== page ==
“I got to know Ron through high school FFA, and he offered me a scholarship to LCCC (Laramie County Community College), so I went there for two years. I got involved in FFA as an intern at that point, and served in that capacity part time from 2002 until 2008, until I took my current position. If he hadn’t taken a personal interest in me, and worked to get me involved in FFA beyond the high school level, I wouldn’t be where I am today,” said McDonald.
“I remember working on the FFA creed as a freshman in high school,” recalled Nelson. “My FFA teacher, Mr. Randall, took me to LCCC and had me practice giving the creed in front of one of Mr. Pulse’s college classes.”
It was an intimidating practice to say the least, she remembered.
“Speaking in front of Mr. Pulse and his class of college kids was terrifying for a freshman in high school. But it made speaking at state convention and regional competitions easy after that,” Nelson joked.
“I remember when I was done giving the creed, Mr. Pulse gave me a full page of critiques, all handwritten in red. There was good, positive feedback that made me feel really confident, and on the other hand there were also some really solid critiques. He was hard on me, but that was good. I needed it. I carried that critique around in the pocket of my FFA jacket for years after that, reflecting on his advice before a lot of other speech contests and FFA competitions,” she said.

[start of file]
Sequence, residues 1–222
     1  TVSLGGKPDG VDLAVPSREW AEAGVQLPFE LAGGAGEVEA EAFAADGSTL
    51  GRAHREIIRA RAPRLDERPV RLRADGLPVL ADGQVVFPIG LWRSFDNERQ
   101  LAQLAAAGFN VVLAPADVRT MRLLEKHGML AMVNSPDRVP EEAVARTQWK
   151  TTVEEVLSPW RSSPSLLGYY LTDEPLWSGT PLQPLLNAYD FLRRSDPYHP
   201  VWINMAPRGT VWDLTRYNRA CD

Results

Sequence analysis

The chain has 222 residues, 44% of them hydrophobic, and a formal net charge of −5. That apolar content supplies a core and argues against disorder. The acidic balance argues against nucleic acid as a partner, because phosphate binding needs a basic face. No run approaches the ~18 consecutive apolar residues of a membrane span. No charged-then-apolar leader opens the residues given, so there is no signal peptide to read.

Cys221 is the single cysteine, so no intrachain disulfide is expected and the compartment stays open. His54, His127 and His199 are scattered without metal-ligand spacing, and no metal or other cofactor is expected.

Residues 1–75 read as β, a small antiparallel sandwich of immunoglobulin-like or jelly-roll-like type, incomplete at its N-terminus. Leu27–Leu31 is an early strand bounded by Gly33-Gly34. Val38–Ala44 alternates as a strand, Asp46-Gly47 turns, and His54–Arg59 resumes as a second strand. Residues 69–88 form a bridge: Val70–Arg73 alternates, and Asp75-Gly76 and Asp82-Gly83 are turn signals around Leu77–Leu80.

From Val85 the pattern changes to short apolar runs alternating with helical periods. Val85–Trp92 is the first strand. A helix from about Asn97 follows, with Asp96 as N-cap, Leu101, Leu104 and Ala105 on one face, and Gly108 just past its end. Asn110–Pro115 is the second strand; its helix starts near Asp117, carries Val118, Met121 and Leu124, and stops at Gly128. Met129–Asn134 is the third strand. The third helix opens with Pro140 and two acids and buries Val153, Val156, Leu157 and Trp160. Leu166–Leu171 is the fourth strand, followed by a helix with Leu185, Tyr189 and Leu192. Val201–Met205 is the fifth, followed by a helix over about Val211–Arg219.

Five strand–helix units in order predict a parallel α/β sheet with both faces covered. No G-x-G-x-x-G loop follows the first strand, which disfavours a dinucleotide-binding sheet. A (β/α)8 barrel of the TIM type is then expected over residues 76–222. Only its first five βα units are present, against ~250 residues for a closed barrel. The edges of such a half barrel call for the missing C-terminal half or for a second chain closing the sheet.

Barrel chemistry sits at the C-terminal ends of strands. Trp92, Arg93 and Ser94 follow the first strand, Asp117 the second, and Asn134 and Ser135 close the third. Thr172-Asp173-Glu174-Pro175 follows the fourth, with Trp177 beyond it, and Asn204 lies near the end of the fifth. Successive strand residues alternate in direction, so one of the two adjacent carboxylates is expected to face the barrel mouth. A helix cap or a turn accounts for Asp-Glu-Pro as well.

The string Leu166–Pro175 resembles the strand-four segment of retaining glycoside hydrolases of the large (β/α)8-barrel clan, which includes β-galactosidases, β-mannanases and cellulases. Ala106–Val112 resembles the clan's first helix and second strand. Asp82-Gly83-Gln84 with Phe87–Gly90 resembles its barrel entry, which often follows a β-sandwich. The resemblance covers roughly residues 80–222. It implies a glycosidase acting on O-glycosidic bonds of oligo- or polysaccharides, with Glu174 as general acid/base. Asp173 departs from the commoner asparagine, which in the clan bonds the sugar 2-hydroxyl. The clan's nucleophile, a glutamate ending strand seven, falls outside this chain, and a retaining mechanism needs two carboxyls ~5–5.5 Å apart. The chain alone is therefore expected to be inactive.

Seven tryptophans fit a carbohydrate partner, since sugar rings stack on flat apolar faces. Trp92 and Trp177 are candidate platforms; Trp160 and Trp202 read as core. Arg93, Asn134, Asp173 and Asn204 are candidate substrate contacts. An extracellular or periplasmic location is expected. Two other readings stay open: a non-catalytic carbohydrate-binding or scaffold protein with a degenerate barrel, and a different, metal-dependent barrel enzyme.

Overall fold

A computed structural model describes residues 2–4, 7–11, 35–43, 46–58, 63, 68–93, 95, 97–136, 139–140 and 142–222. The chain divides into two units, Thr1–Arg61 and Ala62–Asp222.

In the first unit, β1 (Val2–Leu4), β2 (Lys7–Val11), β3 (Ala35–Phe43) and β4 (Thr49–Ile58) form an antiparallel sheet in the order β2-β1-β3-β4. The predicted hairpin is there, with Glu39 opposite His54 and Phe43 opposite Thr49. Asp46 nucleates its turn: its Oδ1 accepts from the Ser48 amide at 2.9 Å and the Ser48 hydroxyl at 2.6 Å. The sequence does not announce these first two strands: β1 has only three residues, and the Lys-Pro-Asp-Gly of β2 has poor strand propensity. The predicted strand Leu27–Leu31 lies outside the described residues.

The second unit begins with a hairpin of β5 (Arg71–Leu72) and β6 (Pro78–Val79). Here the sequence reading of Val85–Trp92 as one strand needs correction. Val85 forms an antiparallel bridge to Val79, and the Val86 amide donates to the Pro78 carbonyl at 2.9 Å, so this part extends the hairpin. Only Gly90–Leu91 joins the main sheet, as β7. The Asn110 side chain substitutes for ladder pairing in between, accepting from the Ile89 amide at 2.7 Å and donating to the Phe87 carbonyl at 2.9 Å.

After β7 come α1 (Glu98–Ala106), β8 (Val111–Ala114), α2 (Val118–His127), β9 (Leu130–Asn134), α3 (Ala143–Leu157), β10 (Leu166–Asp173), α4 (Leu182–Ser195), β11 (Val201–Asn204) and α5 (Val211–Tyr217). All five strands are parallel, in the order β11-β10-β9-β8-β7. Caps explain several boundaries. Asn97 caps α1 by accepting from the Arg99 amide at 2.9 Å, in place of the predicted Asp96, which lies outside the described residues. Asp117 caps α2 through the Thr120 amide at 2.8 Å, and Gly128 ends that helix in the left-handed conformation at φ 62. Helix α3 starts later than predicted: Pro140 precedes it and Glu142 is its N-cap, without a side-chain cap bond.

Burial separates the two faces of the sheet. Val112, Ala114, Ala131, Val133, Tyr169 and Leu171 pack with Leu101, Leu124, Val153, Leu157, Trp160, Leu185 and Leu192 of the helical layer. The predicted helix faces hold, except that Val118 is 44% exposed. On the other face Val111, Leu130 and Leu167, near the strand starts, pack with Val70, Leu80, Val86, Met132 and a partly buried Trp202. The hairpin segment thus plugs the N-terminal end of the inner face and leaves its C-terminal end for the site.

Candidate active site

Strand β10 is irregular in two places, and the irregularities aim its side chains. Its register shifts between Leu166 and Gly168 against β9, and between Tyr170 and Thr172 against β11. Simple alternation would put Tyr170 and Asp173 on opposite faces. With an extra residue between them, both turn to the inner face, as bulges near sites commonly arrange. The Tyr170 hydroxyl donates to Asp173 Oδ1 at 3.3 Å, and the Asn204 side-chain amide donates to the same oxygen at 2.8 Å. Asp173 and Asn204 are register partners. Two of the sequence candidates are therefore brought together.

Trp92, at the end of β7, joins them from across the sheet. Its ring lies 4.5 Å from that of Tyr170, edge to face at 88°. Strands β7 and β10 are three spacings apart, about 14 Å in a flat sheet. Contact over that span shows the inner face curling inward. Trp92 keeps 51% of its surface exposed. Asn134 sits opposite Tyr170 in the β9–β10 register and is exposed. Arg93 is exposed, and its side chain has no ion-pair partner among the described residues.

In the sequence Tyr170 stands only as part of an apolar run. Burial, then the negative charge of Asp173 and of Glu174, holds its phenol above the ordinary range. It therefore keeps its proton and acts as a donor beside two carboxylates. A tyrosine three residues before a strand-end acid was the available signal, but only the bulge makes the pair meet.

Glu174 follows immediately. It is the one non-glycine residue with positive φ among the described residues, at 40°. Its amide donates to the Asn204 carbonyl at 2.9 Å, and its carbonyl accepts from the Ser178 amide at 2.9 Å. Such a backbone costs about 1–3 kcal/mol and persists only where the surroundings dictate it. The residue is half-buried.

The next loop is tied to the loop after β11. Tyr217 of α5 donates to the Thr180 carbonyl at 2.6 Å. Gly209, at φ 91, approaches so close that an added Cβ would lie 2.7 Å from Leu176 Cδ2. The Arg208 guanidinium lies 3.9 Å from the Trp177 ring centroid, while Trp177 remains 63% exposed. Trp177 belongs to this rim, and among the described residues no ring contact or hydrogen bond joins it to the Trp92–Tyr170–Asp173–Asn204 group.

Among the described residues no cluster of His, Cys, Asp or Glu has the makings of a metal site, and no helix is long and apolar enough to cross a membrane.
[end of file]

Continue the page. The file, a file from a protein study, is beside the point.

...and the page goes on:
Nelson also noted that it was fun to grow in the organization from a freshman practicing the creed in Pulse’s classroom to being an LCCC student in those classes, then onto working with Pulse as a state officer. Milner and McDonald agreed that fun times were frequent, especially when, in retrospect, they realized how much they were learning at the same time.
“I believed in the kids and in FFA – I’m passionate about FFA,” said Pulse in a recent interview with the Wyoming FFA Times. “If you weren’t, you couldn’t do it. I wish I could continue, but it’s time for some new blood. I’m going to continue to be an advocate for ag teachers and FFA forever.”